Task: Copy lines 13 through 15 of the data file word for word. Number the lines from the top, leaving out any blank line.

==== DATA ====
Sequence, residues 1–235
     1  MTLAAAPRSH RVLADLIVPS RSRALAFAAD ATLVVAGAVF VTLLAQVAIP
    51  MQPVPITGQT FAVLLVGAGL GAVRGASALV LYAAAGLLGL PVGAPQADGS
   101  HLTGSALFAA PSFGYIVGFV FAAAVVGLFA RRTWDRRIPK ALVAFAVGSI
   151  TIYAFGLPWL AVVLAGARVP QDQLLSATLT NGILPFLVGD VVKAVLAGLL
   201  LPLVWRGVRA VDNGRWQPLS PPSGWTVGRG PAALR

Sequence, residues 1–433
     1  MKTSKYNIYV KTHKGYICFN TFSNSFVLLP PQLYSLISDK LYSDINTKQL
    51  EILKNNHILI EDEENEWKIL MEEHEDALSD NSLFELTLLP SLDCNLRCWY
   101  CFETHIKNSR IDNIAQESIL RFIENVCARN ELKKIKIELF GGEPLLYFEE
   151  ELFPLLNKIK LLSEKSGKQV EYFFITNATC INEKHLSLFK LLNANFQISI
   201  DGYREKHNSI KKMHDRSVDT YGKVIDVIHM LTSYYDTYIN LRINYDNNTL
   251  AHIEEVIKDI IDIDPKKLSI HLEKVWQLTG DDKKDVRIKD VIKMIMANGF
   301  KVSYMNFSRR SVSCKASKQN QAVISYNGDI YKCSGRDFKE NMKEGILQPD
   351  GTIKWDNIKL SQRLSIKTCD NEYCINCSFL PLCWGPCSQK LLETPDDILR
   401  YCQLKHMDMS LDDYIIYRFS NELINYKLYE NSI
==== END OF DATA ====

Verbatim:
   251  AHIEEVIKDI IDIDPKKLSI HLEKVWQLTG DDKKDVRIKD VIKMIMANGF
   301  KVSYMNFSRR SVSCKASKQN QAVISYNGDI YKCSGRDFKE NMKEGILQPD
   351  GTIKWDNIKL SQRLSIKTCD NEYCINCSFL PLCWGPCSQK LLETPDDILR